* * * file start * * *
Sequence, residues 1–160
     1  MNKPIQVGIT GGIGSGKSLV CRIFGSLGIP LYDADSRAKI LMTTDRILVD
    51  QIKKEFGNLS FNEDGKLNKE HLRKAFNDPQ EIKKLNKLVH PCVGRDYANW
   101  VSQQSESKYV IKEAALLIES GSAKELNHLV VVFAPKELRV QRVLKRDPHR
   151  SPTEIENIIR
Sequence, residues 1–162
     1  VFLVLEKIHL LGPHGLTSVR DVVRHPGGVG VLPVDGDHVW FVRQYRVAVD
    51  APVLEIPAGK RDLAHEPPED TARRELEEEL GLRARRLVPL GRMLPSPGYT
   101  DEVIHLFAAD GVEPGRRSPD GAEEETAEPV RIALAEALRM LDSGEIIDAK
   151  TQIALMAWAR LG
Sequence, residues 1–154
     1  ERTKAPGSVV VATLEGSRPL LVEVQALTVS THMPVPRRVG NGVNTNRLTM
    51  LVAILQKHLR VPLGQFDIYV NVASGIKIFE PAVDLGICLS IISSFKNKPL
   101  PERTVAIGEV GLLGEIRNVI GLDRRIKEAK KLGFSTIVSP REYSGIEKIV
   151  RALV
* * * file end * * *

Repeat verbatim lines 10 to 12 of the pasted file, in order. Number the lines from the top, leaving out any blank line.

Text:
   151  TQIALMAWAR LG
Sequence, residues 1–154
     1  ERTKAPGSVV VATLEGSRPL LVEVQALTVS THMPVPRRVG NGVNTNRLTM